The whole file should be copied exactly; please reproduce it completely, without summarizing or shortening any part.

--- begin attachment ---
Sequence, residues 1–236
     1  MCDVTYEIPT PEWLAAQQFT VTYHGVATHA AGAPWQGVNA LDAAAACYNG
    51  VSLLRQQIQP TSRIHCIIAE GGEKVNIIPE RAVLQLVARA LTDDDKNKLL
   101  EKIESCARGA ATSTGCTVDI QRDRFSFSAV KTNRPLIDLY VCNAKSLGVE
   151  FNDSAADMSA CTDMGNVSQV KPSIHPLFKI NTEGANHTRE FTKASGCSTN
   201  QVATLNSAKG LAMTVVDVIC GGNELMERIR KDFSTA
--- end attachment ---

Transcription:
Sequence, residues 1–236
     1  MCDVTYEIPT PEWLAAQQFT VTYHGVATHA AGAPWQGVNA LDAAAACYNG
    51  VSLLRQQIQP TSRIHCIIAE GGEKVNIIPE RAVLQLVARA LTDDDKNKLL
   101  EKIESCARGA ATSTGCTVDI QRDRFSFSAV KTNRPLIDLY VCNAKSLGVE
   151  FNDSAADMSA CTDMGNVSQV KPSIHPLFKI NTEGANHTRE FTKASGCSTN
   201  QVATLNSAKG LAMTVVDVIC GGNELMERIR KDFSTA